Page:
The Green Snakes – These would consist of the Spotted Bush Snake, Western Natal Green Snake and Green Water Snakes. All are completely harmless, long, thin and green, which often leads them to being identified as Boomslangs or Green Mambas. Green Mambas do not occur in the Midlands. The Bush Snakes have quite prominent spots going down the body.
Snakes play a vital role in the ecosystem in two ways, as predators and as prey. Snakes are like a free pest control service, especially with regards to rats. We don’t really want rats around, as they can cause havoc in homes. Snakes are one of the many creatures that do a fantastic job at keeping rodent populations in check, so no need for rat traps or poisons, just let the local House Snake hunt in your garden. Venomous snakes like the Black Mamba, Puff Adder, Rinkhals and Mozambique Spitting Cobra, do the job just as well as House Snakes, if not better. Snakes also keep gecko populations in check, as well as all other lizards. Birds, bats, slugs, centipedes, and frogs are all on the menu.
Mozambique Spitting Cobra
They’re not just predators, but prey too. Birds, like raptors and herons, mongooses, genets and monitor lizards all love eating snakes, and so do some other species of snake. Yes, snakes will eat each other! They clearly are a key link in the food chain and are here for a good reason, just like all native wildlife.
Night Adder – A venomous species which is often mistaken for a Puff Adder, but is a lot smaller and a lot less toxic. They are more slender snakes than Puff Adders, brown in colour and have dark, pentagon-shaped patches going down the body.
So, how does one keep snakes away from one’s property? In truth, there is no set way or definite method in keeping them away. The best thing you can do is to keep your property neat and tidy. Get rid of piles of wood, bricks, and logs which provide shelter to snakes and their food. Jeyes fluid does not work, nor do any other repellants. Planting Geraniums all around your property will not keep them away either. If there’s “food” around, you’ll get snakes. If you are lucky enough to live on a farm/conservancy/reserve, you will definitely see a snake around the property at some point in time. It’s something you have to deal with while living in Africa. We are privileged with an abundance of wildlife.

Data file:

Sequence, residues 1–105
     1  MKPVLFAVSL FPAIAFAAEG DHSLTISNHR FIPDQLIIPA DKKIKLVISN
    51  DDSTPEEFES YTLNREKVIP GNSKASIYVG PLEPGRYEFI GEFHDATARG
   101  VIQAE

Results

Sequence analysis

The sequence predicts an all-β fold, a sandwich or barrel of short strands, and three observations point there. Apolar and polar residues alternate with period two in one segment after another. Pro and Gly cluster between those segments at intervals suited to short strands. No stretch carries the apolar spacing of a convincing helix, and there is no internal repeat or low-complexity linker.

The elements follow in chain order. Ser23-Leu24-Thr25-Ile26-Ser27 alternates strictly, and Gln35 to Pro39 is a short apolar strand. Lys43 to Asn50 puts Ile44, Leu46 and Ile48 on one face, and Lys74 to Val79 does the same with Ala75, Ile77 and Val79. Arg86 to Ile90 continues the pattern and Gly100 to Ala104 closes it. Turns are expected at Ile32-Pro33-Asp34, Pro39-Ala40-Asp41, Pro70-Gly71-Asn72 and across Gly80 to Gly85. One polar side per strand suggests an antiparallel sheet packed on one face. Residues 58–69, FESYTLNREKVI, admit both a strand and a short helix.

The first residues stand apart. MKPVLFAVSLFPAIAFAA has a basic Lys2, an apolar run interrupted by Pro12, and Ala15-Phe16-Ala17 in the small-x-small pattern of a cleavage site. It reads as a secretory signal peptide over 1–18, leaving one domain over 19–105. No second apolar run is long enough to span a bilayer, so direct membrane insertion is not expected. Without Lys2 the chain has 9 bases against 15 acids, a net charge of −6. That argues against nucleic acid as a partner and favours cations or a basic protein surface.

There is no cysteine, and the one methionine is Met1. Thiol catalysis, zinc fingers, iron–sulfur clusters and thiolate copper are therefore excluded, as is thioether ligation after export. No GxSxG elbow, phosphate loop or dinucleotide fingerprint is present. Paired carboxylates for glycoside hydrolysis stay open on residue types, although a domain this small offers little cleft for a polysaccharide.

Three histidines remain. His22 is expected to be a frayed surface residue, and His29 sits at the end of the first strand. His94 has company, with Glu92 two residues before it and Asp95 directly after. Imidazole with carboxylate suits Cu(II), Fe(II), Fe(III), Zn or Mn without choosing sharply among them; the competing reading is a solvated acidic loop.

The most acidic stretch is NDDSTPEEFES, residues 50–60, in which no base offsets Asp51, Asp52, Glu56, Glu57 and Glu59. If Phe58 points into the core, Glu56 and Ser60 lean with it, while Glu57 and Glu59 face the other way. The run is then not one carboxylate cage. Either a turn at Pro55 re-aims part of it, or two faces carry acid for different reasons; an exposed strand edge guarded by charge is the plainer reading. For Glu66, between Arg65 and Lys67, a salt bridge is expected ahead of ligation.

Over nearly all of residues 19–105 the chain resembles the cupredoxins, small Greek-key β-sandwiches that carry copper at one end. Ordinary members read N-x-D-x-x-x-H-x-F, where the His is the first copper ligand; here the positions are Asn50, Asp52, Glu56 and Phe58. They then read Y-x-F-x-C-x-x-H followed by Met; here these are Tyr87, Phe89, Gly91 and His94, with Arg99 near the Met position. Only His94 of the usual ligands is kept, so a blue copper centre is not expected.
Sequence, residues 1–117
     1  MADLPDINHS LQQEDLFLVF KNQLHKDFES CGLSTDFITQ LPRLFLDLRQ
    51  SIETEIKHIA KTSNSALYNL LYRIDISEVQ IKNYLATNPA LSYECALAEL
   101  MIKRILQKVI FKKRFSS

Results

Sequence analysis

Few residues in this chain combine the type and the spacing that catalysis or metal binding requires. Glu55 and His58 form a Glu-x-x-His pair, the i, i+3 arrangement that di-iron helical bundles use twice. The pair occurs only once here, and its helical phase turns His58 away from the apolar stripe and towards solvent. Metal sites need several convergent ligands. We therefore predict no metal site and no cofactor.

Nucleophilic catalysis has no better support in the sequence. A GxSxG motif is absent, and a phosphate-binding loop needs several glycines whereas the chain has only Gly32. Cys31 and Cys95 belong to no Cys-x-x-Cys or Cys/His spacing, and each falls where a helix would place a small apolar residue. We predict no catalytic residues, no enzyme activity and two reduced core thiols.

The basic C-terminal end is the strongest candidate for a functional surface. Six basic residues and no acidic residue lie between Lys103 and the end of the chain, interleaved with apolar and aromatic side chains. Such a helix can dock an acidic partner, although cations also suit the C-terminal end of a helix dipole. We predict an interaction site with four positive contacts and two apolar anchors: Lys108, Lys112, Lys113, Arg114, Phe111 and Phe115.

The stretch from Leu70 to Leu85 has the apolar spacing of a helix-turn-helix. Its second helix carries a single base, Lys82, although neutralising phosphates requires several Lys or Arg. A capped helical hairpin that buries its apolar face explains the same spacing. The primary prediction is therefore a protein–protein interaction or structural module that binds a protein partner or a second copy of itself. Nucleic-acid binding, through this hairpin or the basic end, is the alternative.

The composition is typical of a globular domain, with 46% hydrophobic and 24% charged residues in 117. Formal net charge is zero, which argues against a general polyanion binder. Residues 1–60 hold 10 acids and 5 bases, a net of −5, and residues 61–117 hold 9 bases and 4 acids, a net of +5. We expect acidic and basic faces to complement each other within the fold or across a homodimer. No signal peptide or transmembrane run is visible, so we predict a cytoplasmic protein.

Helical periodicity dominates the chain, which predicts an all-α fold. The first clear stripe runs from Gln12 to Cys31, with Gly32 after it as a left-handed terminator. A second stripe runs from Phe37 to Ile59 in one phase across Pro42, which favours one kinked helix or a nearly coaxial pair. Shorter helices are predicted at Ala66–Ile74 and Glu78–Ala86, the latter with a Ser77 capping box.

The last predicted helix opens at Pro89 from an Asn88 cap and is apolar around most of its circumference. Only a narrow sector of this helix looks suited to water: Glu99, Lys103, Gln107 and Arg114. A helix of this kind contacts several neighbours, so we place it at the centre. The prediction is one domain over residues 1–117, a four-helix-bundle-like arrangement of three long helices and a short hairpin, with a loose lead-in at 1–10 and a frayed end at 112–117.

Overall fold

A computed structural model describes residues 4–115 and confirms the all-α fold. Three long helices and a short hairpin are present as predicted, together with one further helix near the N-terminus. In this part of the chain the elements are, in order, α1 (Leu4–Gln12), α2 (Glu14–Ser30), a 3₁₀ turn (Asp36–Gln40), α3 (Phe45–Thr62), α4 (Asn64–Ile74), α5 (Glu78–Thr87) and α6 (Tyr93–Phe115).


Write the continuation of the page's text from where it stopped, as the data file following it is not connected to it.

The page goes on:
Black Mamba – The most feared and notorious snake, but arguably the most shy and retreating. Occurs in some areas around Pietermaritzburg, and in Ashburton, but not a common species in the Midlands. Africa’s largest venomous snake, that averages in length of 2-2m. Highly venomous, and highly misunderstood. They have a bad, over-exaggerated reputation that is largely false.
So please, give the snakes a break. Next time you want to reach for a spade or stick to kill it, reach for a camera or cellphone instead. Keep a safe distance, and take a pic or too of your lucky sighting. Share your sighting with friends over email or social media! Tag the Midlands Conservancies Forum and the KwaZulu-Natal Amphibian and Reptile Conservation pages too.
Respect snakes, don’t fear or hate them. Understand that they’re fulfilling a role in nature, and they are needed.
Nick Evans runs a programme called KwaZulu-Natal Amphibian and Reptile Conservation, a chapter of The Lawrence Anthony Earth Organization. The aim of the programme is to promote awareness of these ecologically important animals, and to educate the public.
For snake awareness and identification talks, or frogging evenings, please email Nick at firstname.lastname@example.org
With assistance for snake removals, you can contact Nick on 072 8095 806, who will put you in touch with the closest snake catcher. (Nick is based in Durban).